Published on Monday,. April 30, 2001 in the San Francisco Bay Guardian
A Dangerous Plan to Have Civilian Plants Produce Tritium for Bombs
by Ralph Nader
|Since World War II citizens around the world have been deeply concerned about the proliferation of nuclear power. There has been increasing concern about nuclear technology falling into careless hands lacking regard for public safety or worse, coming under the control of rogue nations bent on developing weapons of mass destruction
The nuclear accidents at Chernobyl in the Ukraine and at Three Mile Island in Pennsylvania were stark reminders of the dangers, and presumably of sufficient magnitude to reinforce the need for the tightest safety and nonproliferation safeguards possible.
But is our government actually serving as a watchdog over nuclear power facilities in the U.S. or is it retreating from safety and nonproliferation standards that have been the heart of national nuclear policy for 50 years?
With the nation focused on the holidays, President Clinton's Secretary of Energy, Bill Richardson, quietly announced plans on December 22, 1998 to produce tritium a key element in the manufacture of hydrogen bombs at the Tennessee Valley Authority nuclear plants, which, heretofore, had produced only electric power for consumer and commercial use. The Administration's action violated policies that had firmly separated the commercial nuclear reactors from weapons production at TVA under every administration after the end of World War II.
The license amendment, which would allow TVA to move into the production of material for military weapons, still must be reviewed and approved by the Nuclear Regulatory Commission (NRC). Rejection of the license has been urged by the Union of Concerned Scientists and other nuclear experts like Dr. Kenneth Bergeron who worked 25 years at the Sandia National Laboratories performing or managing research on nuclear reactor safety and tritium production.
The clear separation of commercial from military uses of nuclear power is key to nonproliferation efforts in the U.S. and throughout the world. President Dwight Eisenhower's Atoms for Peace program in the 1950s firmly established the dual-track strategy of isolating peaceful uses of nuclear power from military weapons.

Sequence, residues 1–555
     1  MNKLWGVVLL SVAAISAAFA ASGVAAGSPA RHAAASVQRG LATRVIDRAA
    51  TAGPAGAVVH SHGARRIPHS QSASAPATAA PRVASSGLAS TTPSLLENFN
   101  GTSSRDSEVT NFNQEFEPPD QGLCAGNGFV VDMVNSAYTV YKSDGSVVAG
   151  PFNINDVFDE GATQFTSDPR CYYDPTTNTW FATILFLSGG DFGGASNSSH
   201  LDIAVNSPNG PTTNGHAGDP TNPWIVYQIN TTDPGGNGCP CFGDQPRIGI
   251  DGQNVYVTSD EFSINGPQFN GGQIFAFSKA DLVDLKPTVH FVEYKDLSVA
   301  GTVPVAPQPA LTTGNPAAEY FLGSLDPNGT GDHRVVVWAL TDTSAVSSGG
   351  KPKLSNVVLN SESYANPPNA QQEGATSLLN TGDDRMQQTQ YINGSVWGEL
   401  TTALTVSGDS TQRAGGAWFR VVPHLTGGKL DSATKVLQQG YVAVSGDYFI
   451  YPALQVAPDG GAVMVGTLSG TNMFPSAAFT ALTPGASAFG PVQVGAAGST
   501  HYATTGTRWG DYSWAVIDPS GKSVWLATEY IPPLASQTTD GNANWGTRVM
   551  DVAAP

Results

As Dr. Bergeron points out, this system "expanded into a vast nonproliferation regime that in one way or another touched each and every aspect of nuclear technology throughout world."
For the U.S. to abandon this strategy, as the Clinton Administration proposed, would be a dangerous precedent that would seriously interfere with nonproliferation efforts worldwide.
But there are other big negatives in dragging TVA into the military weapons business. Front and center is the question of safety something it appears was not on the administration's radar screen when it decided to produce tritium at TVA plants.
Dr. Bergeron says that the government could not have made a "worse selection" than the plants chosen to produce the hydrogen bomb ingredients. All three of the designated plants two at Sequoyah and one at Watts Bar, Tennessee are "ice condensers" that use giant wire baskets of ice chips to absorb heat and steam in case of a nuclear reactor accident. The buildings housing the ice baskets, according to Dr. Bergeron, are small and weak and would be "exceptionally vulnerable" to severe accident conditions. The buildings, Dr. Bergeron says, would "almost certainly rupture immediately after the nuclear core core melted through its pressure vessel."
Dr. Bergeron's says his study of the ice condensers found that the system "has a high likelihood of failing in the event of a serious accident, leaving the public completely unprotected against the kind of massive release of radioactivity that occurred at Chernobyl...."
In addition, whistle-blowers have come forward to raise other questions about safety at the TVA plants. One of these is Curtis Overall, who was the plant expert on the ice condenser system at Watts Bar with the responsibility for keeping the system running properly.
Overall found that more than 200 screws that held the ice condenser baskets in place were either missing or broken. When he recommended a visual inspection to make sure that there were enough screws holding the ice baskets in place, he was removed from his position and ultimately fired by TVA.
Ann Harris , another employee who filed a half dozen whistle-blower complaints involving safety issues, says she is convinced that TVA's plan to produce tritium at the Watts Bar and Sequoyah plants "poses serious and real danger to millions of people."
Recently, Dr. Bergeron and David Lochman of the Union of Concerned Scientists along with the whistle-blowers appeared at the National Press Club to sound the alarm about the dangers of converting TVA into a weapons producing enterprise. Sadly, but to no one's surprise, the national media largely ignored the press conference. Like so many health and safety issues, it apparently takes a Chernobyl or its equivalent to move the Washington press corps.
Copyright © 2001 San Francisco Bay Guardian